DodgeIntrepid.Net Forums banner

1 - 8 of 8 Posts

·
Registered
Joined
·
9 Posts
Discussion Starter #1
hi all, my coolant outlet blew off, should i stop there and just re-place or does that mean something else might be wrong- no coolant in oil, no leaks [coolant], 63.000 miles , wife says heat worked, am i missing anything. thanks:poopoo:
 

·
Woober Goobers!
Joined
·
51,014 Posts
It's common for the top of the 2.7L coolant housing to blow off. Seems the glue or whatever means they have to put the pieces together doesn't hold. Just replace it and go from there.
 

·
Registered
Joined
·
727 Posts
i had one of these badboys pop on me in the middle of a roadtrip....



you can have it done in no time. make sure the o-rings are good though. and the white gasket on the bottom ...i did it roadside in less then an hour.


or you can rock some JBweld, but it'll pop again.



check out this profile shot of the SEAM in question. WHAT were they thinking? is this a Sacraficial part?


i feel your pain.
 

Attachments

·
Premium Member
Joined
·
17,323 Posts
...WHAT were they thinking? is this a Sacraficial part?...
Just an excellent example of a bad design all around. It has two problems/failure modes: A metal insert (the bleeder seat) molded into plastic that sees pressure combined with thermal cycling, and that seam of the top cap - don't know if it's glued or solvent welded or what, but it also fails, as you showed. I've had both happen. I now have the newer OEM design with bleeder in the pipe.

Spend the extra $20-30 at a discount dealer and get the OEM one with the bleeder seat welded to the metal pipe. The aftermarket (Dorman) parts are the inferior old design with the bleeder seat molded into the top), and typical questionable Dorman quality (fail within a few months), so chances are you'll be doing it all over again soon.
 

·
Registered
Joined
·
1,803 Posts
I'm thinking to remove the housing and pipe as an assembly you'll have to raise the plenum about an inch or so to get at the back two bolts.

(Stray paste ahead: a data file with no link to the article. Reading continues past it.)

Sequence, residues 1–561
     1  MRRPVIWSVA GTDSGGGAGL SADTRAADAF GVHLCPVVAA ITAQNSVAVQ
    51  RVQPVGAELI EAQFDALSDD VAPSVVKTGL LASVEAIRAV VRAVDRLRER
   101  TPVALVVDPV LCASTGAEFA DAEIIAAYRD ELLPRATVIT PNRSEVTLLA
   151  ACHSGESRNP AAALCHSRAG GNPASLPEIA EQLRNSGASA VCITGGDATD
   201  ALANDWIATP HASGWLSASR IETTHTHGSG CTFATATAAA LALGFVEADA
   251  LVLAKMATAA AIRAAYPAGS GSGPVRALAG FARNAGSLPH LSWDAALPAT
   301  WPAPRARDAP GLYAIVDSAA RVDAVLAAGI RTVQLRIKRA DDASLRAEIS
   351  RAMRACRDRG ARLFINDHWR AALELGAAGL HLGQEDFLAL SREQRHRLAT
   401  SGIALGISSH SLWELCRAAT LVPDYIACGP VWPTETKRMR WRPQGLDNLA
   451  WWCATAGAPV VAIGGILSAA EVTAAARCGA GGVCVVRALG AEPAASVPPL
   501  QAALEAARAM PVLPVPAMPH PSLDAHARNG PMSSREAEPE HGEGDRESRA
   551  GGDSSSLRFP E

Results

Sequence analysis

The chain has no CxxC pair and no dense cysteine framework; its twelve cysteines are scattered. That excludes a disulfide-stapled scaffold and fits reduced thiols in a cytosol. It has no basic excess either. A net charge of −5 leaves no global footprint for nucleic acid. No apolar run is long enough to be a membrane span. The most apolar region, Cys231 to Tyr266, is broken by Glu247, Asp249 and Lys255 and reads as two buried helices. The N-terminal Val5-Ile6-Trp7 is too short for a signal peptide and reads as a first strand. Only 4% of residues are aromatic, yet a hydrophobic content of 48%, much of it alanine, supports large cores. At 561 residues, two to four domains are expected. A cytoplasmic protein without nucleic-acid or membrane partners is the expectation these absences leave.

I'm interested in everyone's trick at getting the pipe out. After removing the heater hose at the back of the engine, (The one below the throttle body.) I usually take the m6 bolt out of the left head that holds the clip at the end of the tube and just remove the clip.

Then I remove the four nuts that hold the motor mounts to the frame and jack the engine up until the pipe will clear the core support. Usually, I've found that to be faster than taking out all those bolts for the upper core support.
 

·
Premium Member
Joined
·
17,323 Posts
I'm thinking to remove the housing and pipe as an assembly you'll have to raise the plenum about an inch or so to get at the back two bolts...
That is definitely true - no way around it (I and others tried).

I'm interested in everyone's trick at getting the pipe out. After removing the heater hose at the back of the engine, (The one below the throttle body.) I usually take the m6 bolt out of the left head that holds the clip at the end of the tube and just remove the clip...
Yep - that's the only way. Kind of hard to see and reach that, and if one doesn't study it hard enough, they may never figure it out.

Then I remove the four nuts that hold the motor mounts to the frame and jack the engine up until the pipe will clear the core support. Usually, I've found that to be faster than taking out all those bolts for the upper core support.
Now that's a new one on me. I'll have to remember that. But I hope to never need to do it again - did it tiwce already. The new design OEM with bleeder welded to the pipe has been in two years now - so far so good.
 

·
Registered
Joined
·
265 Posts
Just an excellent example of a bad design all around. It has two problems/failure modes: A metal insert (the bleeder seat) molded into plastic that sees pressure combined with thermal cycling, and that seam of the top cap - don't know if it's glued or solvent welded or what, but it also fails, as you showed. I've had both happen. I now have the newer OEM design with bleeder in the pipe.

Spend the extra $20-30 at a discount dealer and get the OEM one with the bleeder seat welded to the metal pipe. The aftermarket (Dorman) parts are the inferior old design with the bleeder seat molded into the top), and typical questionable Dorman quality (fail within a few months), so chances are you'll be doing it all over again soon.
What I was told, when that bit blew up on mine, was that the plastic is sonic welded together. Seems logical enough, since I actually popped the "top" off with a screwdriver and didn't see any glue or anything. JB Weld blew up on me after about a week.
 
1 - 8 of 8 Posts
Top